Date: September 6, 2015
Place: Kirkwood Lake, California
Coordinates: 38.701388, -120.076196
Length: 1.8 miles
Usually when I make it to the Kirkwood area it is to experience the joys of winter wonderland. Last year, however, I had the opportunity to explore the area a little during summer. Last Labor Day weekend we went camping with friends near the Carson Pass and on one of the days there we hiked around Kirkwood Lake.
The lake isn't part of the ski resort but it is certainly a resort area. There is a campground at the western lake shore and a myriad of resort houses and cabins along the eastern and northern shores. The southern shore is left for some awesome wild granite cliffs.
There is a hiking trail surrounding the lake that is connected by a short path to Hwy 88. The trailhead is marked with a modest sign that is easy to miss unless looked for. There is a small pullout with a short dirt driveway where we parked the cars. We took our day packs, breathed in the hot summer air and set out for the hike.
I didn't expect to see any flowers this late in summer but I did see some late asters here and there wherever the sun got through the trees.
But generally, most plants had done blooming and were already fruiting.
As short a distance as it was, it did feel like a long time before we arrived at Kirkwood Lake. We sat there for sometime, staring at the water. It was very hot, but there wasn't any good place there to go in the water, and no one suggested it anyway.
What we did see was a quick movement in the grass. A call of excitement from the head of the line and I shot forward with my camera - quick enough to catch the tail of a dark snake as it slithered away into hiding.
The squirrels were less shy. Hopping here and there between the trees and over boulders and logs. One of them stopped for a brief pose.
The water looked very inviting but when we finally arrived at the western edge of the lake where the campground was, everyone just slumped on the cement ledge there and zoned out.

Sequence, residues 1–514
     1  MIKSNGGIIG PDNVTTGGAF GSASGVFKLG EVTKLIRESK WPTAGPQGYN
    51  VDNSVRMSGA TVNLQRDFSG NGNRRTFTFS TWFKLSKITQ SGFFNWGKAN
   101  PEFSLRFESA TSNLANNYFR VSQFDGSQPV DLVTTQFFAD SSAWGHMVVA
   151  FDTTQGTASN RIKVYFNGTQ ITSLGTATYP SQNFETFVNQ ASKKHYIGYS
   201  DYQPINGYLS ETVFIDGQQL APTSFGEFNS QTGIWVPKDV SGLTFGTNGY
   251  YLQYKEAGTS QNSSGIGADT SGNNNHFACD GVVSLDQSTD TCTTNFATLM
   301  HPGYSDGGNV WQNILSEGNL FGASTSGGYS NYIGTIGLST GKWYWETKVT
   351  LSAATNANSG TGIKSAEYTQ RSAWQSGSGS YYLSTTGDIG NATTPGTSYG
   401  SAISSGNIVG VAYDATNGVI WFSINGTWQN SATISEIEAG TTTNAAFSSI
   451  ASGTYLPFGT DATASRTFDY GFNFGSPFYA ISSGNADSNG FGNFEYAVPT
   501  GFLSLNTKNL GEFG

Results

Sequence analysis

The heat was intense. We had a long break at the western lake shore near the campground area. It took a while to get everyone back on their feet and down to the trail again.
The southern lake shore is mostly rocky slabs that go down all the way to the water. Hiking there involved climbing on the boulders and that got some life into the children who enjoyed hopping on the rocks. It was there also that we finally saw other people resorting by the lake. And where else would they be on such a hot day? So we had to take care not to step on anyone as we made our way between the rocky nooks.
There, hidden in the crevices, is also where I found some more bloom. Not a whole lot, but enough to cheer up the summer's dead heat.
But not too quickly to appreciate the wildflowers that were still on.
|Western Eupatorium (Ageratina occidentalis)|
The granite cliffs accompanied us along the trail as we started back toward the road. High and smooth. The trees that were sparse at first soon grew thick and we were engulfed by the forest.
After having led the hike all along I finally found myself bringing up the rear. That was good because I had the time to check out the plants and to find the last wildflower of the summer there.
|Pearly Everlasting (Anaphalis margaritacea)|